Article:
Indoor games brought families together in the past. But, today, they don’t do much to encourage such bonding, even if they’re the multiplayer kind
“Back then, indoor games were about killing time — today, they’re about killing people,” claims an old-timer.
AD: Hi, so how did you spend New Year's Eve?
BC: It was a family reunion of sorts — we watched a movie, played some board games after ages.
AD: A quiet evening, huh?
BC: You're right. There's something about these old-fashioned games — they help bring the family together.
AD: Are you suggesting that today’s computer games split families?
BC: Well, look at all the hi-tech games — kids don't want to be disturbed when they're playing. Have you tried walking into their room when they’re halfway through a game?
AD: But there are also games which can be played against one another or as teams. Online games can involve several players at the same time.
BC: How does that help? You’re still cut off from your family and would rather play with friends and classmates.
AD: Back then, you lived in large joint families, so these games were ideal for such settings. Besides, there was very little to occupy you, especially when it was too hot or raining outside.
BC: But they just didn’t serve to kill time — they aided various forms of development. Playing Scrabble helped build your vocabulary. Games like Battleships and Monopoly helped one strategise. And games like Cluedo were all about deduction and…
AD: The games that kids love playing today are good too. They help develop character traits that are needed for today.
BC: Like what? What do kids learn from Grand Theft Auto? To shoot everyone? Or to drive like a maniac?
AD: I was referring to dexterity and hand-eye coordination.
BC: That’s funny — back in my days, building blocks and jigsaw puzzles were what came to mind when you mentioned motor skill development.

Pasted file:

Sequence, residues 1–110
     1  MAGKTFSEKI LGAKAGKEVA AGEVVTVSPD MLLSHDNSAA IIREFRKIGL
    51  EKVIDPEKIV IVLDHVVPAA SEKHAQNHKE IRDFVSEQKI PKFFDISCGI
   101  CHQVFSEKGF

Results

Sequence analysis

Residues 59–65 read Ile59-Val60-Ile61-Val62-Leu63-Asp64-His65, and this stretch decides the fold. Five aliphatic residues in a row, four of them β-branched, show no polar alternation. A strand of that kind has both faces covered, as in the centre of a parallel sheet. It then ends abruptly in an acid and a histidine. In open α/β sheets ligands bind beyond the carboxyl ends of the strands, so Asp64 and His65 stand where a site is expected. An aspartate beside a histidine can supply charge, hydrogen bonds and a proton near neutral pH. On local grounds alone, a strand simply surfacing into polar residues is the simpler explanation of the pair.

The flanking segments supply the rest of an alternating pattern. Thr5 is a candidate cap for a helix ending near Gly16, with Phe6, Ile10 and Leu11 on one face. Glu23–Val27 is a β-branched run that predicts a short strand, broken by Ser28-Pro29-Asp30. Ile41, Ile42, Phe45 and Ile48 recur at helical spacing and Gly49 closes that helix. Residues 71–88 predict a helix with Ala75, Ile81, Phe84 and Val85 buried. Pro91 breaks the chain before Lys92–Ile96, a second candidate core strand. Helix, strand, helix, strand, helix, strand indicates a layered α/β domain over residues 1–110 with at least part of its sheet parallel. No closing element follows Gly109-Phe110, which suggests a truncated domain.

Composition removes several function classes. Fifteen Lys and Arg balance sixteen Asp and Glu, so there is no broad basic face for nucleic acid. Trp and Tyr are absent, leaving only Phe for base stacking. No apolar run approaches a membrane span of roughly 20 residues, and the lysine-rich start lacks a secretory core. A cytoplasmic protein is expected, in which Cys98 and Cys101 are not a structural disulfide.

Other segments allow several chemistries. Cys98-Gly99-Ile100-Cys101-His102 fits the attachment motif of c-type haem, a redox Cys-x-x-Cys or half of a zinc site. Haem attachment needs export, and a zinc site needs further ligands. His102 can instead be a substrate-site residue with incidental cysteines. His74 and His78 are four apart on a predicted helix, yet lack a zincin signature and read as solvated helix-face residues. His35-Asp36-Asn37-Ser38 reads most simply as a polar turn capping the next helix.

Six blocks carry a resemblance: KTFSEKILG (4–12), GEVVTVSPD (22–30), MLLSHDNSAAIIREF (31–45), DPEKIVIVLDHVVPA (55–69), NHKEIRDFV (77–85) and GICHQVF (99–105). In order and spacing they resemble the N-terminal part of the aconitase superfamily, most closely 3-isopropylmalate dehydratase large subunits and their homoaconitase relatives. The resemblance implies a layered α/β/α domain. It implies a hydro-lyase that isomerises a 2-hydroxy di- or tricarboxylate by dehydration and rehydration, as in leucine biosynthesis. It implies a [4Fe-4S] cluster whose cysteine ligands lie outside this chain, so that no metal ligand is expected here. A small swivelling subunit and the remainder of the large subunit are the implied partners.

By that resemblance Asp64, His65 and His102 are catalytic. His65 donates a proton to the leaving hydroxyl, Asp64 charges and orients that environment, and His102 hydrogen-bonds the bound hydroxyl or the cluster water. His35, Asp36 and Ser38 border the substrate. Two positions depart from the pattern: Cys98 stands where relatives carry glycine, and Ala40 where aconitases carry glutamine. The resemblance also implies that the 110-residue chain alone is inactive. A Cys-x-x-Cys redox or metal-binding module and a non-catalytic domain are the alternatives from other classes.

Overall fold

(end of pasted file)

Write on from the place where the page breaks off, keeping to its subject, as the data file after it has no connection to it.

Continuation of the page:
AD: Much as you dislike the fact, we have evolved. Today's kids are so exposed to everything that technology has to offer, so how can you expect them to go back to such trivial pursuits?
BC: That brings to mind Trivial Pursuit, a wonderful board game. Now, that offered general knowledge, excitement and a keen sense of competition.
AD: Well, it has Xbox and online versions too, so kids can play them now.
BC: I can imagine a family dividing itself into teams and sitting around a large board in the living room, but how can players crowd around a little monitor? It would look like they're trying to invoke the spirits on an Ouija Board.
AD: But millions have taken to these games... Tomb Raider or The Last of Us are on top of the popularity charts, so why are you having problems?
BC: Think of all the violence bloodshed and gore in these games. Most of them seem to involve the mafia, gangsters, zombies, aliens, killers, mercenaries or bounty hunters… And it takes greed and manipulative actions needed to win. They could be influenced by these traits.
AD: C'mon, you’re over-reacting.
BC: And I’m not even getting to the part where kids spend hours with theirs PSPs, mobiles and tablets and consequently risk several health disorders.
AD: So how does playing Chinese Checkers with your grandmother make you fit?
BC: The point is, today's games have become addictive, unlike the board games of my era which would make an appearance only during weekends, holidays and vacations... That left us with a lot of time for other activities.
AD: But Wii games are pretty good — they combine hours of gaming with physical activity. That's the magic of technology, see?
BC: Agreed, but the new generation is slowly abandoning the physically challenging games for their handheld mobile and PC counterparts.
AD: Looks like nothing I say is going to convince you.
BC: It’s just that I don't know where all this is leading.
AD: What do you mean?
BC: The other day, I was discussing a spiritual tour to various places of worship — and my nephew wanted to know if that was the senior citizen's version of Temple Run.